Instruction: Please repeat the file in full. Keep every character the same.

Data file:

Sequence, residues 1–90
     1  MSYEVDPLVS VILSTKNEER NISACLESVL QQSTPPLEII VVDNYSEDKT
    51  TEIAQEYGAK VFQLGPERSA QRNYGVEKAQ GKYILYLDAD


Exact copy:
Sequence, residues 1–90
     1  MSYEVDPLVS VILSTKNEER NISACLESVL QQSTPPLEII VVDNYSEDKT
    51  TEIAQEYGAK VFQLGPERSA QRNYGVEKAQ GKYILYLDAD